For life insurance, there may be a strong focus on sales practices, with last week’s Australian Securities and Investments Commission report on direct sales a pretty good indication of what’s to come.

But for general insurance, consumer groups expect the emphasis to be very much on claims – with personal lines grabbing most of the attention.

“I expect most of the stories we hear at the commission will relate to the handling of claims, and where that has gone wrong,” Consumer Action Law Centre Senior Policy Officer Susan Quinn tells “It could be quite awful for the industry. What about the insurers’ argument that among many thousands of claims, the overwhelming majority are fairly paid?

“[Poor claims experiences] might be a small percentage from insurers’ point of view, but for those people involved it is a very significant and distressing event,” Ms Quinn says. “We can’t just brush them off as statistics.”

Insurers say poor claims experiences are rarely black and white, and many can be interpreted as the policy responding correctly.

Industry sources fear a “parallel universe” has developed where legitimately denied claims are considered as falling below community standards.

“With complex products that consumers don’t read, it is inevitable some people putting in a claim will be disappointed,” one told “But regulators, politicians and the public don’t want to hear these stories of claims not being paid.”

KPMG’s Mr Guse believes a strong focus on natural disaster claims would be “disappointing”.

“Insurers historically have done a wonderful job when it comes to natural catastrophes – getting teams on the ground and reinvigorating communities,” he says.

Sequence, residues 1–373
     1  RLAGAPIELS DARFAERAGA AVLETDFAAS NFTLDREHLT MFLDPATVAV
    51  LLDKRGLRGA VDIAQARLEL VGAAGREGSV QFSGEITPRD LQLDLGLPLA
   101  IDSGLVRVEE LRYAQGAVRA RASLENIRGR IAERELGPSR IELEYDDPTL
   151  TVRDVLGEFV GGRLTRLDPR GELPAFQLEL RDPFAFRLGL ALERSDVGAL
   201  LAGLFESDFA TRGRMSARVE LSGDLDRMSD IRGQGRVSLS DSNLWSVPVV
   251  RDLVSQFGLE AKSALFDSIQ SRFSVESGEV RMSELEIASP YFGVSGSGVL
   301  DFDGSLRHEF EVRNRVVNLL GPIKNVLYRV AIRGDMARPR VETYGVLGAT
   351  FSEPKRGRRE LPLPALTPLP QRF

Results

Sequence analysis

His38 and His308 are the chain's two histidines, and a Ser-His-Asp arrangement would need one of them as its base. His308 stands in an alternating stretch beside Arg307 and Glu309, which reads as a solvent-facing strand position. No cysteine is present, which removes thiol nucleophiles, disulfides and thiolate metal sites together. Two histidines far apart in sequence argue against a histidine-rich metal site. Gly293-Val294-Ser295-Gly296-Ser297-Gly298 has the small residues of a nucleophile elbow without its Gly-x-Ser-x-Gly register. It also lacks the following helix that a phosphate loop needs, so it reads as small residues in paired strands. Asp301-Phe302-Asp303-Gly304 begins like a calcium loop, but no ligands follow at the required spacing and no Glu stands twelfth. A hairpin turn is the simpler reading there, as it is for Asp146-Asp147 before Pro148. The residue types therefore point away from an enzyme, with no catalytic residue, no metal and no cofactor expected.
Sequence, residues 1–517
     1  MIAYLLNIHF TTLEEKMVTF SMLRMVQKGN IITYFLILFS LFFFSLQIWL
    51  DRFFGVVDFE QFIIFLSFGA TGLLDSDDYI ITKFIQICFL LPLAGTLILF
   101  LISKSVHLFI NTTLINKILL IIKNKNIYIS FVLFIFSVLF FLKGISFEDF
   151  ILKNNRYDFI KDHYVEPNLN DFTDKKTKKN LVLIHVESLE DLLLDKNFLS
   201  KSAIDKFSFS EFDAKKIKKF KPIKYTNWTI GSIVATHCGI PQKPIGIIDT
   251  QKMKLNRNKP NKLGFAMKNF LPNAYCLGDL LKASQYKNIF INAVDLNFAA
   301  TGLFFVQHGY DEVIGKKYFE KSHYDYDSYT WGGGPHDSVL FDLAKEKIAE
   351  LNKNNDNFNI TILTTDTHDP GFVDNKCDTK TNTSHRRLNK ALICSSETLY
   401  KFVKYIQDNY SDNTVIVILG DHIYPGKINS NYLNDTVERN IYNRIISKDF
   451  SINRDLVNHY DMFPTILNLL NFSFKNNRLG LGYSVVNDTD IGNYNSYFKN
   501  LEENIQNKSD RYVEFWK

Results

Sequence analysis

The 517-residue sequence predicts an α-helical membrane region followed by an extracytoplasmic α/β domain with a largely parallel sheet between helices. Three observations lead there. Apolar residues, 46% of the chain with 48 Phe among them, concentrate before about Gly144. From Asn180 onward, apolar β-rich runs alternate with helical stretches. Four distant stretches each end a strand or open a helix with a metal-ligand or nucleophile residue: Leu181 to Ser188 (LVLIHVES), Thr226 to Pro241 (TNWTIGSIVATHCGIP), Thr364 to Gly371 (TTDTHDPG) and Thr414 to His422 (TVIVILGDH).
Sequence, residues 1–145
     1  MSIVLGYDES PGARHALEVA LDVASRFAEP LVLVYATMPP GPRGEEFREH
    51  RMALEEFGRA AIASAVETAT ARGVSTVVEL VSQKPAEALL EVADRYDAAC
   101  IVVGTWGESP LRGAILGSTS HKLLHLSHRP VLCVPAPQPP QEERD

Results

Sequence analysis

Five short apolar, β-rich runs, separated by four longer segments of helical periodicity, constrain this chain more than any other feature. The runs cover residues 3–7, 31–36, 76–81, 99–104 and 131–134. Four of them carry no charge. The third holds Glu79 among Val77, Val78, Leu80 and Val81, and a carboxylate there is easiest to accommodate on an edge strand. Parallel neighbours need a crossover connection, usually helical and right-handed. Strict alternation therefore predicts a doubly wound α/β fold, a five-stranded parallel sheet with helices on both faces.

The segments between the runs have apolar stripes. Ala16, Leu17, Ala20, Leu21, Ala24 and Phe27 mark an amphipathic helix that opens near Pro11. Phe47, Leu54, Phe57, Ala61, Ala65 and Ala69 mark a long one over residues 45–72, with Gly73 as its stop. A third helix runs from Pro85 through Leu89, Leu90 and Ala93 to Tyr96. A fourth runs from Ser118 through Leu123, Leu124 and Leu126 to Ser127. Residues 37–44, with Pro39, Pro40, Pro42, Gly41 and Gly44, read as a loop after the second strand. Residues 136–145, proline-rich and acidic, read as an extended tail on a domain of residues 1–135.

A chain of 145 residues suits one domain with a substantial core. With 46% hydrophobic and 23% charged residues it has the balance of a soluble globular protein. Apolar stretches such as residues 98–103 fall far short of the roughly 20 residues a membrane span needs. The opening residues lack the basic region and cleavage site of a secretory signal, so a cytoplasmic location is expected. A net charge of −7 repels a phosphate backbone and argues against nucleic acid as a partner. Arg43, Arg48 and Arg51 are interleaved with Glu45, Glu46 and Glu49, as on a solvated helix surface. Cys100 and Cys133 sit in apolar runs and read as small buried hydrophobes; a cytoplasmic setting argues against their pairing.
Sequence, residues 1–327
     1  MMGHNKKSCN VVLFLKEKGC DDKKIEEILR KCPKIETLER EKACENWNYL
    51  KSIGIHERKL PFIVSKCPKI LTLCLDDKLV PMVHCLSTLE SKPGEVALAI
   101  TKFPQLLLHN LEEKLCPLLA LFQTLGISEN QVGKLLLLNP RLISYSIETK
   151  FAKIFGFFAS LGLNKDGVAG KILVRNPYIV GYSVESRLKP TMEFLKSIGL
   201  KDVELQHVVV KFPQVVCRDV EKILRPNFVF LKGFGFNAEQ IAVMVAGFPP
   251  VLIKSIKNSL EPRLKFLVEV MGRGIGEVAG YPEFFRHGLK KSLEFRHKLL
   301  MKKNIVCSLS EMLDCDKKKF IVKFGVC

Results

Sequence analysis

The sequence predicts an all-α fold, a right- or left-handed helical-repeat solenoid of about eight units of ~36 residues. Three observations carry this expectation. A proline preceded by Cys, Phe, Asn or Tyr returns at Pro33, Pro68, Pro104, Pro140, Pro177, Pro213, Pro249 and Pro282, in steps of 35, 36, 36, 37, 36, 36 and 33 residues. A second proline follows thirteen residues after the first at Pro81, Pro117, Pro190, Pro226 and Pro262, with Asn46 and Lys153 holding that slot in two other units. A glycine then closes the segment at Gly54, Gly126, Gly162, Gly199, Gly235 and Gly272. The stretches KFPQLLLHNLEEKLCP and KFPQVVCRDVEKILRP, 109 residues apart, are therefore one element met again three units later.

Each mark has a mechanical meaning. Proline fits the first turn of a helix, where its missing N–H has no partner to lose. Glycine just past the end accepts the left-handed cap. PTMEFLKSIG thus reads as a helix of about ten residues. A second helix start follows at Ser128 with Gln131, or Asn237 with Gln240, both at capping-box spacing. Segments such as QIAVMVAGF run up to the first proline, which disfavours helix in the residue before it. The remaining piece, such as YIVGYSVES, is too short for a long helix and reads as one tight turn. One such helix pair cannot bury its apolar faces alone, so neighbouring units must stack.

“It would be a shame if the commission focuses on individual complaints.”

Mr Guse believes that “while you can never be perfect”, insurers are “really fair” on catastrophe claims, even erring on the insured’s side in many questionable claims.

However, he says they also have a responsibility to their reinsurers and “there are times when they simply have to stick to the rules”.

ICA declined to comment before appearing at the hearing, but the National Insurance Brokers Association (NIBA) has not been called, suggesting brokers will avoid serious scrutiny.

“No broking firms have been called, so clearly the focus is on the insurers and the code,” NIBA CEO Dallas Booth tells

“It has to concentrate on areas of greatest community detriment, and the Financial Ombudsman Service complaints figures suggest broking is not one of those areas.”

Mr Booth does not believe the outcome will be as harsh as others predict, but he welcomes a transparent process.

“If there are small numbers of issues raised, we already have procedures in place to deal with that. If there are significant systemic issues, I am not aware of them. But if there are, then they have to be brought to light and dealt with.”

Financial Rights Legal Centre Policy and Advocacy Officer Drew MacRae also expects poor claims handling to feature strongly, and doesn’t accept what he sees as industry excuses.

“We see poor claims handling all the time and we have had a problem in the past with poor investigation practices,” he says.

“The problems are systemic. You only have to look at the Financial Ombudsman Service complaints statistics to realise that, and the Senate inquiry found the general insurance sector wanting.

“We hope funeral insurance comes up again. It is not just a problem in Indigenous communities, but across all communities. We had one client with 11 different funeral policies – five of them from the same insurer.

“There is a lot of work already under way, but we are keen to see a lot of these issues get raised again during the hearing. Some of the case studies will cut across many different aspects.

“[The commission] has done an extraordinary job to catch the number of systemic issues that it has so far, and the case studies have been chosen really well.

“If it’s anything like what we’ve seen so far, insurers will have a tough time.

“Every hearing has produced extraordinary headlines and shocking revelations, and I don’t expect this round to be any different.”